Secretary of Commerce William M. Daley today urged American businesses to redouble their efforts to test for year 2000 computer problems that are hidden away in a variety of machines other than computers. Thorough testing of these "embedded systems" is a wise safety measure, Daley said.
"Ferreting out all the Y2K connections in the systems that run manufacturing plants, provide services to consumers, and control a host of operations that we all rely on is a tough job. We urge businesses to be especially vigilant in testing embedded systems," Daley said.
Embedded systems use computers or computer chips to control, monitor or augment a process. Such systems are found in everything from elevators to manufacturing plants.
The Commerce Department's National Institute of Standards and Technology and Century Corp., a computer consulting firm, have assessed the range of testing methods industry is using.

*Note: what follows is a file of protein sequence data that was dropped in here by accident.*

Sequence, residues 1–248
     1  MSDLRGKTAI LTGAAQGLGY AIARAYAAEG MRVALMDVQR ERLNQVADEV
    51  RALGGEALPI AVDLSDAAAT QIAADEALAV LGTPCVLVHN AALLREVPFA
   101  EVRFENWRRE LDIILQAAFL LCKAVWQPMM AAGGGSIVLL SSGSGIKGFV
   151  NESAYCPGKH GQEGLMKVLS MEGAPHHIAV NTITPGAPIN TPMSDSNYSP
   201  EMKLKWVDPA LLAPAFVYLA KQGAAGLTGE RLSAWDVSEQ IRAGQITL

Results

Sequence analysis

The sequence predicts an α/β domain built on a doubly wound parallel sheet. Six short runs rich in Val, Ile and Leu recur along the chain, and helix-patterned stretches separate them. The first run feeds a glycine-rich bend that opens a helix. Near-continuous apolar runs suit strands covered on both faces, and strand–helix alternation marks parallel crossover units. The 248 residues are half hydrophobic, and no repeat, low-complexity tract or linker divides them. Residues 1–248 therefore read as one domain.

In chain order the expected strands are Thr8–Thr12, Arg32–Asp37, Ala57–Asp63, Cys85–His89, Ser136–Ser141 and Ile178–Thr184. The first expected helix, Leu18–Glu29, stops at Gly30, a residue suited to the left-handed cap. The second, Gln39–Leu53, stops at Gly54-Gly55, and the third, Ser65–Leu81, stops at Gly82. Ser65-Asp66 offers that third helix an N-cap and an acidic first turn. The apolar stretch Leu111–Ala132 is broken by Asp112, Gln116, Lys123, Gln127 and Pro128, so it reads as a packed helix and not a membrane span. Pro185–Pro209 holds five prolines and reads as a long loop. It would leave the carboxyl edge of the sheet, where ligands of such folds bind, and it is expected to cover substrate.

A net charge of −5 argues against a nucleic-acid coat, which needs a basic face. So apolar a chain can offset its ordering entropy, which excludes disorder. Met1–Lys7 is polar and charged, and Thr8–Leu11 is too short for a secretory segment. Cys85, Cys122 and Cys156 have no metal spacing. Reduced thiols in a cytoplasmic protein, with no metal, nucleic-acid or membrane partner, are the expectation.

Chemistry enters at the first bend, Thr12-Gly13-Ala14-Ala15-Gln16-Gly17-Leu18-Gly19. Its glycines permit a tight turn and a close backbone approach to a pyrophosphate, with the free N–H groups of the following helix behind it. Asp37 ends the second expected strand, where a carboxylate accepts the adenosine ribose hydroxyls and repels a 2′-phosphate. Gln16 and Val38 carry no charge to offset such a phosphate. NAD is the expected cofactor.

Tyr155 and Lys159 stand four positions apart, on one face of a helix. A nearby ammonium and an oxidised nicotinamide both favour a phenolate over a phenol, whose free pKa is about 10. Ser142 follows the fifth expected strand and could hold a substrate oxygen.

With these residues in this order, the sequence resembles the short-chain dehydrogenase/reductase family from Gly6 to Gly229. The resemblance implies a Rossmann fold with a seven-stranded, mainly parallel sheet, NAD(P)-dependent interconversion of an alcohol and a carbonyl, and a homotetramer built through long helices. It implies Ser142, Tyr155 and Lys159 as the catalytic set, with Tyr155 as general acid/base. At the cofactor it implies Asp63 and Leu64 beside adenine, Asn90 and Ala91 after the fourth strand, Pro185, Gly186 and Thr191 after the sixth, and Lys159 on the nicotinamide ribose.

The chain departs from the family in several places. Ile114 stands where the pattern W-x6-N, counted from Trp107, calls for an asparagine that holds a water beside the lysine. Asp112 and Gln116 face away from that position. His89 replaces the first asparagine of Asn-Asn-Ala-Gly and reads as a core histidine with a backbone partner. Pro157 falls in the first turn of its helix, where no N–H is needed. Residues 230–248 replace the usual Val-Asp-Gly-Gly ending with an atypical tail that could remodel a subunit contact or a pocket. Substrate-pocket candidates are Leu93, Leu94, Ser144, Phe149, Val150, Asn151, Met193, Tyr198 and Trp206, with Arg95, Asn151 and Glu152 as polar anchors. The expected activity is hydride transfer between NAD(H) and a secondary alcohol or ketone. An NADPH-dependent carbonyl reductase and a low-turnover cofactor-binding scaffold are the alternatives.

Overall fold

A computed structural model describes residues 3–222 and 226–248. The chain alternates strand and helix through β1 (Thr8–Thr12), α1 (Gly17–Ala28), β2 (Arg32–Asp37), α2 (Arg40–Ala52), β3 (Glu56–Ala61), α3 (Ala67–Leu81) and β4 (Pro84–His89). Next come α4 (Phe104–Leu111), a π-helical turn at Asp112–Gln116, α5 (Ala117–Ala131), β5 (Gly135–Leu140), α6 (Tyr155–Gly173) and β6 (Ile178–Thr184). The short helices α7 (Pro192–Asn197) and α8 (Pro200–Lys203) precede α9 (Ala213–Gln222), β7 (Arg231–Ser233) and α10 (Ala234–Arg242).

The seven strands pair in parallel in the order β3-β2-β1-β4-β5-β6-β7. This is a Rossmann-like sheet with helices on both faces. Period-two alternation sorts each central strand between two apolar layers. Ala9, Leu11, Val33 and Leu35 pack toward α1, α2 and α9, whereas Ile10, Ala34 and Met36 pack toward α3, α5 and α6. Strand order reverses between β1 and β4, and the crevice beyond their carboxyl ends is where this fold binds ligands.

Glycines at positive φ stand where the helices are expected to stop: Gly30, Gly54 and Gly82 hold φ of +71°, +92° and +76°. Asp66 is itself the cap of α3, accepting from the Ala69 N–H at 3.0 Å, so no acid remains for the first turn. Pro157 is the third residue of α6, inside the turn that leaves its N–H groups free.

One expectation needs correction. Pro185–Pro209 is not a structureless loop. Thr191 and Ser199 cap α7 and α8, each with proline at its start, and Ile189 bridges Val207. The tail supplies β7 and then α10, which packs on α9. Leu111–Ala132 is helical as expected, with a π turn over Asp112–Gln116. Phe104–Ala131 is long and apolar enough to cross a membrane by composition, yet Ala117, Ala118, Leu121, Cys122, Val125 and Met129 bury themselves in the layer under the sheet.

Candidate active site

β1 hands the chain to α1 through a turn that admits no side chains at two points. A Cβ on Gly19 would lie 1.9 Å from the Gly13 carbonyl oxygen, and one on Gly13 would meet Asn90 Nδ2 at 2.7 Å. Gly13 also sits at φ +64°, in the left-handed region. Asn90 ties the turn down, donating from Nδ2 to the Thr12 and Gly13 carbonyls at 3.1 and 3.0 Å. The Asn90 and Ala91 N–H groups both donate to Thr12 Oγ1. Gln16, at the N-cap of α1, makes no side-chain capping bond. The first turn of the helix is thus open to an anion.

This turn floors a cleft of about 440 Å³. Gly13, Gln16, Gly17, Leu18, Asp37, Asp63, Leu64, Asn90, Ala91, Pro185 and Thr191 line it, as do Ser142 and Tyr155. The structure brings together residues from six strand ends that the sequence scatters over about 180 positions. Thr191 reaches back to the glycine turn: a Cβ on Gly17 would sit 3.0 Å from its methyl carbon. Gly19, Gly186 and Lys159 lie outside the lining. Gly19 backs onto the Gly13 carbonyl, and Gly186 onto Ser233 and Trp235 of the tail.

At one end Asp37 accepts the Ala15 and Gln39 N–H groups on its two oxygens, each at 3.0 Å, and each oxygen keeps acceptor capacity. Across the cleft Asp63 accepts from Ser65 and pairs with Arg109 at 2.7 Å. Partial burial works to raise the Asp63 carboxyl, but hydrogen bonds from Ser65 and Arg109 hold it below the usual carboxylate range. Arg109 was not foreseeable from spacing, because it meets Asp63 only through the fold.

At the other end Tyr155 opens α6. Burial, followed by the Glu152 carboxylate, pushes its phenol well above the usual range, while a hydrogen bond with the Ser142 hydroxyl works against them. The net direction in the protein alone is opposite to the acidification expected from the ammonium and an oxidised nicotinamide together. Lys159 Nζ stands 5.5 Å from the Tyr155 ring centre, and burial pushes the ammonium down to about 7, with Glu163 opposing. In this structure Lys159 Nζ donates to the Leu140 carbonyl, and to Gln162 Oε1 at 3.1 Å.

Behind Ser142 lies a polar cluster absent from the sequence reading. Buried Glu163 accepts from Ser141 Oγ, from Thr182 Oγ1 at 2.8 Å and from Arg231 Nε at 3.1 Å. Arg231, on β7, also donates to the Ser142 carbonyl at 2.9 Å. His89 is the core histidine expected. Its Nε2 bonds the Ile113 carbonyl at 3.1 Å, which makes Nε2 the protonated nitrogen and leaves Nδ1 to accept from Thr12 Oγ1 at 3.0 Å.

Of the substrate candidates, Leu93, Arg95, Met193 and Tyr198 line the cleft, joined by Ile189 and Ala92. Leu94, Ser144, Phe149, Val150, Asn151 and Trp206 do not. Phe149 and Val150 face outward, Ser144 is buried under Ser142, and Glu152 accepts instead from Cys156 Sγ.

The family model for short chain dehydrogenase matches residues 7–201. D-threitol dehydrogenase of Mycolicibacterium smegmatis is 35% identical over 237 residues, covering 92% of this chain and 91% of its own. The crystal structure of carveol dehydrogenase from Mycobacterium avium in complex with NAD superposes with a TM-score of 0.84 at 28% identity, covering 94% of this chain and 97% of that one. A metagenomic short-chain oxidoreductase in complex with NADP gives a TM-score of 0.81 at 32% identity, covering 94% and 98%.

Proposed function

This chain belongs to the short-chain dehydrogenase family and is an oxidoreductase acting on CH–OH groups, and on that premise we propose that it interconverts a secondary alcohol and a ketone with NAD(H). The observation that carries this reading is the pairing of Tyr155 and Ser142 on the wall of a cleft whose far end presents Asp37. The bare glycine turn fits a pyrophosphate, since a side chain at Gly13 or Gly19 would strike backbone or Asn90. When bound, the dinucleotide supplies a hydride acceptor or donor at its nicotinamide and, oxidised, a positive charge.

They conclude that it is possible that many important systems have not been tested adequately. NIST strongly recommends that all critical systems be tested literally from end to end.
"Managers of these systems should, as a last resort, rely on assurances from suppliers and others that the individual components of a system are Y2K compliant," Daley said. "I want to reinforce the message that I and others, including the President's Y2K Council, have been delivering about taking appropriate actions in readiness and contingency planning," he said.
A research article that includes guidelines for testing embedded systems by NIST and Century Corp. is available on the NIST web site.
As a non-regulatory agency of the U.S. Department of Commerce's Technology Administration, NIST strengthens the U.S. economy and improves the quality of life by working with industry to develop and apply technology, measurements and standards through four partnerships: the Measurement and Standards Laboratories, the Advanced Technology Program, the Manufacturing Extension Partnership and the Baldrige National Quality Program.